Introduction: Dual POS-NEG Power Supply
- 1.5 Amps a Side
- Independent Voltage Adjustments
- Easy Construction
This is a beginner electronics project so I've decided to add a lot of basic material that will hopefully assist new builders to complete this project. A lot of knowledge that many advanced users take for granted is often left unsaid. I am going to try not to do that here. If you're experienced then all you're going to need is the first couple pages of this article. If you've any questions keep reading and maybe something else I've included here will help you figuring out whatever it is that you do not understand.
Step 1: Parts
Parts the Regulator Board requires
R1, R2 220 (2)
R3, R4 2K 10 turn trimmer (2)
C1, C2 .1uF 50V (2)
C3, C4 10uF 50V (2)
C5, C6 1uF 50V (2)
D1-D4 1N400X (4) (X=2 to 7)
Heatsinks for regulators
Stranded hook up wire 3 or 6 colors
2" X 4" (51x102mm) copper clad board
Suggested Parts for Unregulated DC Circuit
- AC Power Cord
- SPST Switch
- Fuse & Holder
- Center Tapped Step Down Transformer
- Diodes or a Diode Bridge
- Pair of Filter Capacitors 1,500-5,000uF
- Box, Chassis, Other Mounting Method
Step 2: Schematics
I am including a schematic of what I am supplying my regulator with as an example circuit. Many variations are possible. I happen to be using 6800uF capacitors for C1 and C2 but anything from 1500uF on up would suffice. The transformer I am using is a 24 Volt center tapped one. Here again you may choose a transformer with a voltage output more suitable for your intended use. I will discuss this part of the project in more detail in step 4. So if you feel you need some more information to build something for yourself you can find some there.
The second schematic is what I consider to be the project this article is about, although without something doing what this first section does the regulator board is not useful.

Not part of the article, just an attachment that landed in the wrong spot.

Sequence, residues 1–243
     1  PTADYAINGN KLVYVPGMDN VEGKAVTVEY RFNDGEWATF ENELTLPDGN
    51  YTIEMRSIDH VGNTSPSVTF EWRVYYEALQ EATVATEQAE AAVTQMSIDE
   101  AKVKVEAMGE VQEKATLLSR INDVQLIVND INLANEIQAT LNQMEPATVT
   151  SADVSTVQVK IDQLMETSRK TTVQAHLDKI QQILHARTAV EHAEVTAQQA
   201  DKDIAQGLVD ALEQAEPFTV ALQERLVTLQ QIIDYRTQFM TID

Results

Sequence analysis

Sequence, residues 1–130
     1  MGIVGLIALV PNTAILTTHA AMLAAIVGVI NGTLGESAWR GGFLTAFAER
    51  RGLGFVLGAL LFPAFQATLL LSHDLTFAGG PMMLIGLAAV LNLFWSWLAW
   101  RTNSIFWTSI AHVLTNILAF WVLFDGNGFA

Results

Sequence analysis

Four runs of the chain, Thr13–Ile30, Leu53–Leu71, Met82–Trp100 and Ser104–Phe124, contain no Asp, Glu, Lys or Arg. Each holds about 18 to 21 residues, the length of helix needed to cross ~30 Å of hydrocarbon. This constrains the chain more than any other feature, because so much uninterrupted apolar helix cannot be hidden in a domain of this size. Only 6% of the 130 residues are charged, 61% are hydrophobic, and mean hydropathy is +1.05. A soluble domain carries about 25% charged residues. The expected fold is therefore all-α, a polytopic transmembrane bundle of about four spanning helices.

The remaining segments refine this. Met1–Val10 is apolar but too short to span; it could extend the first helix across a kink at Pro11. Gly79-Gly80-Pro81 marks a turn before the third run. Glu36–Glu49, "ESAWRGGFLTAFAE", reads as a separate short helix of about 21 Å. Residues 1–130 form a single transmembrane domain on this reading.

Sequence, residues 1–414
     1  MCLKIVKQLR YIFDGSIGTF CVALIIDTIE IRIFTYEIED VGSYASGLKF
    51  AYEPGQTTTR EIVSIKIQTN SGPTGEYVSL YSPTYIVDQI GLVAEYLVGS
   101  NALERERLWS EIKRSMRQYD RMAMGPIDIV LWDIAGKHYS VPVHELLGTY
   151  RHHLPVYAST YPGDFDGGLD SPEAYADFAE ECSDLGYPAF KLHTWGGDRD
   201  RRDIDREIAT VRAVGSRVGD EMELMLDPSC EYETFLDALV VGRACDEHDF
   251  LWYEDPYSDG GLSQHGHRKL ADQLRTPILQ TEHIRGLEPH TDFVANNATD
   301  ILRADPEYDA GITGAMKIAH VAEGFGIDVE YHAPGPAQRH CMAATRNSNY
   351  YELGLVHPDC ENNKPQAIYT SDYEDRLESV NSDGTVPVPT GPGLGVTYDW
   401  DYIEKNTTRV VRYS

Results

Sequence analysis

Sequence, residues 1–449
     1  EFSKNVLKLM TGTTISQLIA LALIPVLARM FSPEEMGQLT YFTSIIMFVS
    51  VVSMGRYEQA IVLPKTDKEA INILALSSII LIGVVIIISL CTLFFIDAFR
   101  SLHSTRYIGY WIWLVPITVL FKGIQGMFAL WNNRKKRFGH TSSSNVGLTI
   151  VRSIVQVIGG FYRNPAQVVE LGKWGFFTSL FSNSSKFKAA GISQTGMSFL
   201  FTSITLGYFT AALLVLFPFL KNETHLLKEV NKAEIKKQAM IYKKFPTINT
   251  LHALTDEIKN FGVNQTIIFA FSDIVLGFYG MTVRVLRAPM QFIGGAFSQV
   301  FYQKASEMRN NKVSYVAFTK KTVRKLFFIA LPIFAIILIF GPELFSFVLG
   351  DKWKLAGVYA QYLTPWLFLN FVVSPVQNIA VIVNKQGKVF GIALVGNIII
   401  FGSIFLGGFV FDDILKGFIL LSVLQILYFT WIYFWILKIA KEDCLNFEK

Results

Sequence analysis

Step 3: Board Art
This circuit is so simple it may not even be worth etching. It is certainly simple enough to be a candidate for the print it onto plain paper, paste that onto plain board, and drill build method.
When I laid my board out I designed it with using specific heatsinks in mind. You can rotate the LM317voltage regulator and get a cleaner trace pattern on your board. How I laid it out isn't completely horrible and it does work. One thing I'd have liked to have done was to have made my copper lands not as blocky as they came out but I do not know how to do that myself using the software that I have.
You can always get creative with a Sharpie marker I suppose. Etching less copper keeps etching solutions from loading up. Or skip etching a board entire like I suggested. The choice is yours.
Step 4: About the Input Stage
What I am calling the input stage of this project is everything up to the circuit board. That would be the power cord, power switch, fuse, transformer, bridge rectifier, and the filter capacitors. Everything depicted in the first schematic on page 1 of this article which I shall include again here to avoid confusion.
Let us consider each component in the power chain in turn beginning with the power cord. Today the choice of a power cord for a project is simple. My project box of choice comes with one built in, a defunct PC power supply. Gut it and you are left with a metal enclosure of handy dimensions and an IEC connector that fits the ubiquitous power cord that I've piles of.
Some IEC connectors even have built in fuse holders which satisfies our next requirement. Whatever you do use some kind of a fuse with your plugged in project. How you determine the correct value fuse to use is a combination of factors based mainly on what you have the most of in your fuse hoard. No not really, but use some common sense selecting an appropriate type and size please.
Junk power supplies even often contain switches, although I find the ones that typically come on PC PSUs difficult to use so I usually don't bother with them. We all collect switches don't we? I know I've my switch stash complete with those "special" switches waiting for just the right project to use them on. This project only requires a Single Pole Single Throw Switch. Other types are adaptable though.
This project needs voltages both above and below ground so a center tapped transformer best satisfies the circuit's requirements. These are not the most common transformer style available. One place you may be able to scare one up is in defunct audio equipment. The general rule here is the higher the wattage output the higher the voltage transformer is in it. So for this project you're going to be looking for something around the 10 watt or less to get voltages in a useful range. Maybe an old boom box that plugged in or a really lousy weak old home stereo has a good transformer in it?